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But this extraordinary man, in the mighty reach of his mind, overlooked, perhaps, the errors which a minuter investigation of the created things on this earth might have taught him, of the essence of his Creator. What shall then be said of the great Mr. Boyle, who looked into the organic structure of all matter, even to the brute inanimate substances which the foot treads on. Such a man may be supposed to have been equally qualified with Mr. Paine, to look through nature up to nature's God.' Yet the result of all his contemplation was the most confirmed and devout belief in all which the other holds in contempt, as despicable and drivelling superstition. But this error might, perhaps, arise from a want of due attention to the foundations of human judgment, and the structure of that understanding which God has given us for the investigation of truth.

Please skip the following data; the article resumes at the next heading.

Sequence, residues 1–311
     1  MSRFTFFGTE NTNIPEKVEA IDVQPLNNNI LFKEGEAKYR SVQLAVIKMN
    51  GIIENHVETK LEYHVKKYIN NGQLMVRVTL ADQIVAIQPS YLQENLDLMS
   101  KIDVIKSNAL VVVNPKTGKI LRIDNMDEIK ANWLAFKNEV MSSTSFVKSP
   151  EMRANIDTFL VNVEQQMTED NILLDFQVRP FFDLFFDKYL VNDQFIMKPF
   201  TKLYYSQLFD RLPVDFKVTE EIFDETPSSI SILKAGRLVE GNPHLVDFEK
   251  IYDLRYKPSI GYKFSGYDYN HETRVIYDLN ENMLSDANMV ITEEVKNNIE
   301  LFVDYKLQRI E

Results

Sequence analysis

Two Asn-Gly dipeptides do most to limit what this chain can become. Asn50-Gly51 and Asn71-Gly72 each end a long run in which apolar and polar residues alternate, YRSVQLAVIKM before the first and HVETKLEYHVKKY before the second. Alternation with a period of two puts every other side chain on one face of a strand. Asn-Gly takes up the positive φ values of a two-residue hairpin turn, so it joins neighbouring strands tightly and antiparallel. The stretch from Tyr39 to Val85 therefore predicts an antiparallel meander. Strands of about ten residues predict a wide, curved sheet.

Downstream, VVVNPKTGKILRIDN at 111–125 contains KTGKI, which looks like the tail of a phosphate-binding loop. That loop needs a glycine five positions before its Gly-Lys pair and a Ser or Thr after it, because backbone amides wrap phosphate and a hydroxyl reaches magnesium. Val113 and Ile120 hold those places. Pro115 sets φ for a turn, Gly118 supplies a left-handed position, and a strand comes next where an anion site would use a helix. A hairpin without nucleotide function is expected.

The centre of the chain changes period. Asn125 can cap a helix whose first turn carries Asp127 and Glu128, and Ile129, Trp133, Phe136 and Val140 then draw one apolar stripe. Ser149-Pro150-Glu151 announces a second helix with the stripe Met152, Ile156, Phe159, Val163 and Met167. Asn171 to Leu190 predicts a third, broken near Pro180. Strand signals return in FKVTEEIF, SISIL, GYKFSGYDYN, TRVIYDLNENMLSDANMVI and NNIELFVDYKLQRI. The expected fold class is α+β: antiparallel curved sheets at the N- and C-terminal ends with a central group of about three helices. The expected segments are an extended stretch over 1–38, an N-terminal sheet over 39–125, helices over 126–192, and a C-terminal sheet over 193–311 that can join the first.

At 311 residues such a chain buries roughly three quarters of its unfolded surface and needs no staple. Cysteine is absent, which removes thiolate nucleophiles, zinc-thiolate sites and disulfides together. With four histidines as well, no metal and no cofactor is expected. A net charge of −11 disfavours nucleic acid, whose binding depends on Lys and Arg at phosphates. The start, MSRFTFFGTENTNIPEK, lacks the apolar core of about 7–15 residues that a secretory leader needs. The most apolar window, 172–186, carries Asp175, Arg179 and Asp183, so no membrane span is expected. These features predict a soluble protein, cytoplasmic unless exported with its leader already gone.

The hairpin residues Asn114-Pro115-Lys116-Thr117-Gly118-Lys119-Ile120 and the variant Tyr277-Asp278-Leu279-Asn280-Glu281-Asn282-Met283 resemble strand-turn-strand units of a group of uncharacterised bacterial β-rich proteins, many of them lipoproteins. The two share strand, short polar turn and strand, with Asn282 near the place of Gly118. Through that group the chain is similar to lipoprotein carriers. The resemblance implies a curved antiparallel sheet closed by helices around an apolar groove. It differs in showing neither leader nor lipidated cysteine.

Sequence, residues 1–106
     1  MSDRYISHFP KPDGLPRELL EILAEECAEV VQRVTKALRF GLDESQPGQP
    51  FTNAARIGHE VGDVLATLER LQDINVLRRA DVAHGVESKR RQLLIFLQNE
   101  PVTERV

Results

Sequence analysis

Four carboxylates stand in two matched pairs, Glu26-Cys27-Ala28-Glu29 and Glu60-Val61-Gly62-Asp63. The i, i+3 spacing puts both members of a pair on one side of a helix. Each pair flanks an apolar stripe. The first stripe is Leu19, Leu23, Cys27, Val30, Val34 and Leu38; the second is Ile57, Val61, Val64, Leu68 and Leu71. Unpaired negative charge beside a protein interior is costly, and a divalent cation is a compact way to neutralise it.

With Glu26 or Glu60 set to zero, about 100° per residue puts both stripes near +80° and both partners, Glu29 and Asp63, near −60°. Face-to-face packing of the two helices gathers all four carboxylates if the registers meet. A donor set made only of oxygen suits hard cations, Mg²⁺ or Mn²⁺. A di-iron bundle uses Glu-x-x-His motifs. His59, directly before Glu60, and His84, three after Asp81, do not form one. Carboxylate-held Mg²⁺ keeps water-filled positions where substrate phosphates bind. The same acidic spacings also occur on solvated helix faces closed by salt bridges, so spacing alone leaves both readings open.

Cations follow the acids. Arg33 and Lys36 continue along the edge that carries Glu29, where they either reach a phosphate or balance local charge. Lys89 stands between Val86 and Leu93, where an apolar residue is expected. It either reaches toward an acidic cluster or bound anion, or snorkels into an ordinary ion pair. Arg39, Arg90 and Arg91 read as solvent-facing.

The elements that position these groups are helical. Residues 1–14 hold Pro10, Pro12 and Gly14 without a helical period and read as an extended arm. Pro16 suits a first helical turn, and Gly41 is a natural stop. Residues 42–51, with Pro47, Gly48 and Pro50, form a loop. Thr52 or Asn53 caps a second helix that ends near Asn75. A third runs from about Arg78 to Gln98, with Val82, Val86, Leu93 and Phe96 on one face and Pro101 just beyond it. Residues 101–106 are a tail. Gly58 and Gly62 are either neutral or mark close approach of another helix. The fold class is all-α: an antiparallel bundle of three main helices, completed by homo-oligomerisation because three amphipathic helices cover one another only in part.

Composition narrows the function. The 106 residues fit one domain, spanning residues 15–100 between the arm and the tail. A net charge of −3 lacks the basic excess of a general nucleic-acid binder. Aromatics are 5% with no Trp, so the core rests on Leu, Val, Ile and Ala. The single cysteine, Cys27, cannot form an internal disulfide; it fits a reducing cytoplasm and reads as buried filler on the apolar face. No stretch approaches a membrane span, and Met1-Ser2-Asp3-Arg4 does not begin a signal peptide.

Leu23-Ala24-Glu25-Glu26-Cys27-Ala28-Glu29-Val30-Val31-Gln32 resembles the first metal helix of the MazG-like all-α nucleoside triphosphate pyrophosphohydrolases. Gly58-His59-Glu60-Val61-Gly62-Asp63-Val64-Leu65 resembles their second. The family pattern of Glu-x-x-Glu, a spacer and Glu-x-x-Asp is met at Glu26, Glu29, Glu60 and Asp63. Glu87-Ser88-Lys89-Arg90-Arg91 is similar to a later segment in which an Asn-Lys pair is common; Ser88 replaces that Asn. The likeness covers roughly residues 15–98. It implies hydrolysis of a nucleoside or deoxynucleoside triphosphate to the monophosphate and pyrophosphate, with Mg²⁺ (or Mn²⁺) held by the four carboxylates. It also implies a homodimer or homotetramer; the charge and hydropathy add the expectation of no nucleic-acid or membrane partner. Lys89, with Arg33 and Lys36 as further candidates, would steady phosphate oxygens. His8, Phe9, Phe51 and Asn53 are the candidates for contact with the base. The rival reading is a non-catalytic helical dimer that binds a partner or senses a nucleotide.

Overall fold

Let that question be answered by Mr. Locke, who. was, to the highest pitch of devotion and adoration, a Christian. Mr. Locke, whose office was to detect the errors of thinking, by going up to the fountain of thought, and to direct into the proper track of reasoning the devious mind of man, by showing him its whole process, from the first perceptions of sense, to the last conclusions of ratiocination; putting a rein besides upon false opinion, by practical rules for the conduct of human judgment.